THE INSTITUTE It's no surprise that with people staying home more because of the COVID-19 pandemic, the global online gaming market, including e-sports and cloud gaming, has grown by record amounts. The industry grew nearly 22 percent last year and generated more than US $21 billion in revenue, according to Statista. The consumer data company estimates there are currently 981 million online gamers and forecasts that number to surpass 1 billion by next year.
E-sports is one of the most popular game forms. Statista reported that last year there were about half a billion e-sports followers. Team competitions are played at stadiums around the world before thousands of fans watching on screens and many more streaming the event from Twitch or a similar website. Dota 2 and Fortnite are among the most popular games. Some winners earn millions of dollars. In-person tournaments are expected to be held again once COVID-19 restrictions ease.
International e-sports organizations have been established in the past few years to professionalize the pastime.
Cloud gaming is catching on because users can stream games stored on a remote server to their mobile device, eliminating the need for gaming consoles and PCs. People can play games on different devices, access content through apps or browsers, or share the game with others. Grand View Research forecasts the size of the global cloud gaming market to reach more than $7 billion by 2027.
With the growing popularity of both types of online games come concerns that the industry isn't doing enough to address issues that might slow down its progress.
They include the lack of technical standards to address bandwidth, connectivity, interoperability, and latency issues. Other concerns include security risks from viruses, Trojan horses, and plug-ins. The need to prevent cheating and ways to improve the quality of the live events and streaming sessions are other areas that need attention.
The new IEEE Computer Society Online Gaming Standards Committee plans to address the challenges. It is developing technical standards to cover online gaming and e-sports development, publishing, and operations, and has established two working groups: Technology for Electronic Sports and Cloud Gaming.
Here is an overview of what each group is working on.
IMPROVING INTEGRITY AND PRODUCTION VALUE
As with other professional sports, players in e-sports tournaments compete for titles and cash prizes. Some players try to obtain an advantage by cheating. In e-sports, cheating is often done by using technology to slow down or disable an opponent or fix a match.
IEEE P2946, Guide for Electronic Sports Integrity, creates a uniform guide to stop, detect, and record cheating. The document includes procedures and methods to prevent identity theft, the fixing of matches, and the unauthorized use of devices. The guide includes a review of technologies that could help stop fraud, such as facial recognition; voiceprint comparison; and position, plug-in, and spoofing detection programs.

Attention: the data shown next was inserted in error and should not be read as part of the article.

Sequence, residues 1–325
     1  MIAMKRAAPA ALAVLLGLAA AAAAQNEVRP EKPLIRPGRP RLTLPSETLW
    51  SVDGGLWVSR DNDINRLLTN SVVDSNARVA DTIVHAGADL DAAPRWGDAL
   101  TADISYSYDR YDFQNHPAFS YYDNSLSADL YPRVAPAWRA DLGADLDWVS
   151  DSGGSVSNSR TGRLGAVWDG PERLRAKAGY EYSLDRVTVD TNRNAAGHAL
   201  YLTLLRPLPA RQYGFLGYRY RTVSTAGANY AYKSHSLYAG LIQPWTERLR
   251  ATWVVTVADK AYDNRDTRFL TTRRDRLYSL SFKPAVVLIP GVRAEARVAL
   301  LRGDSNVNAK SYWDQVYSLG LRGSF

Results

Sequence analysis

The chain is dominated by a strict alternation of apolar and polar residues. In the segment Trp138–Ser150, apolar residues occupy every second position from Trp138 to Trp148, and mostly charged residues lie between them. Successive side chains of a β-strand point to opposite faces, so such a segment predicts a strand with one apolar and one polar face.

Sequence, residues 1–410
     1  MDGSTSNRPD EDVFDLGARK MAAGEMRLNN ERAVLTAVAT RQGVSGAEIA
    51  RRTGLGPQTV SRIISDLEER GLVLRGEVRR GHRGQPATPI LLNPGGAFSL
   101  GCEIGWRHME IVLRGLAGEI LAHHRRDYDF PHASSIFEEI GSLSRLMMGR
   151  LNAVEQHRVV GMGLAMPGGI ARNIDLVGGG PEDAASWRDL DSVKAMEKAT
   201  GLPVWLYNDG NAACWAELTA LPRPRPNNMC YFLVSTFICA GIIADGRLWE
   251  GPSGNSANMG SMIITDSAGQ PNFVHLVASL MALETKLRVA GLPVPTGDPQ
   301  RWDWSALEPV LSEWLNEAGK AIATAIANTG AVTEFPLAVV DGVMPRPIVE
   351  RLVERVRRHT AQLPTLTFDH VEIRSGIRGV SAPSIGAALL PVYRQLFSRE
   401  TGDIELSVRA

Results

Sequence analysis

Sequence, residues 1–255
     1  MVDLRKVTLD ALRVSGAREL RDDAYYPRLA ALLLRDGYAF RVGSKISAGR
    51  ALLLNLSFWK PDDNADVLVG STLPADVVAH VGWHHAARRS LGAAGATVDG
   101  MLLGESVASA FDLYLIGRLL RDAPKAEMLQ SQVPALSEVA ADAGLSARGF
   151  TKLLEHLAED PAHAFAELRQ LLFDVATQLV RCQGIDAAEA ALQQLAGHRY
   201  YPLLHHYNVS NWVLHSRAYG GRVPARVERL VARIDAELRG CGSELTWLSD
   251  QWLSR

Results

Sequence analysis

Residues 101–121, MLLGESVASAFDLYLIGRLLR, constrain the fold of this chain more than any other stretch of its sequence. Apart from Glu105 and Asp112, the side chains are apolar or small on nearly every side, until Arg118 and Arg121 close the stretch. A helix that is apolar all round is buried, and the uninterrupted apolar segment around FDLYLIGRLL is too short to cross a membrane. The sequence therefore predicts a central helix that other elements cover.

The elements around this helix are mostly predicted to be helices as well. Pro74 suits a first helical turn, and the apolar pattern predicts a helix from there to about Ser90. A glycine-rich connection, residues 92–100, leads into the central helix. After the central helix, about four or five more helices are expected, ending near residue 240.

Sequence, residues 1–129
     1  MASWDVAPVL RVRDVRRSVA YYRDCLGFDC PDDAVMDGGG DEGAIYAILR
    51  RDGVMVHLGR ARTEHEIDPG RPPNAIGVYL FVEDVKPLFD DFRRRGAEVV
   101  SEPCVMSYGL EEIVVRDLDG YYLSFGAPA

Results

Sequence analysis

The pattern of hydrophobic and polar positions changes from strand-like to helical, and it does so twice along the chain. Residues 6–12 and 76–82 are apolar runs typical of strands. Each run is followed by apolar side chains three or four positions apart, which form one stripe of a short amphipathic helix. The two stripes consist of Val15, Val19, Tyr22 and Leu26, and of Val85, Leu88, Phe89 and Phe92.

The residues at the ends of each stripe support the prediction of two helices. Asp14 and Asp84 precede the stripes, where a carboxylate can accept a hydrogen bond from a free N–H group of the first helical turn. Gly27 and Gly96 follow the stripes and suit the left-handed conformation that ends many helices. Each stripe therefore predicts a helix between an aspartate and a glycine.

Spectators who watch e-sports tournaments increasingly want a better immersive experience during live broadcasts. IEEE P2947, Guide for Broadcasting Electronic Sports Events, addresses the technical aspects of how live matches are presented. The standard covers how to handle the coding, recording, and transmission of in-match action. In addition, it considers contingency plans should a live broadcast be interrupted, such as backing up the data and the user profiles.
COMMON FRAMEWORK FOR CLOUD GAMING
Key technical features and components of a cloud gaming system are different from those of traditional mobile games, so a standardized framework is needed. IEEE P2948, Standard for Framework and Definitions for Cloud Gaming, details the roles and streaming modules of cloud gaming from the perspective of users and the system. The framework provides a reference architecture for the design and construction of games. In addition, the standard defines and categorizes genres of games and their technical requirements.
Because cloud gaming involves streaming from remote servers, it can have disadvantages compared with traditional games, including poor audio and video quality. IEEE P2949, Recommended Practice for the Evaluation of Cloud Gaming User Experiences, aims to improve that by creating a comprehensive set of evaluation methods and models and a description of what the user experience should be. The document addresses how to evaluate audio and video quality as well as the stability of games.
Whether your background is in game development or e-sports tournament organizing, or even if you're simply a dedicated gamer with a passion for seeing the industry reach its potential, consider joining the IEEE Computer Society Online Gaming Standards Committee.
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Kathy Pretz is editor in chief for The Institute, which covers all aspects of IEEE, its members, and the technology they're involved in. She has a bachelor's degree in applied communication from Rider University, in Lawrenceville, N.J., and holds a master's degree in corporate and public communication from Monmouth University, in West Long Branch, N.J.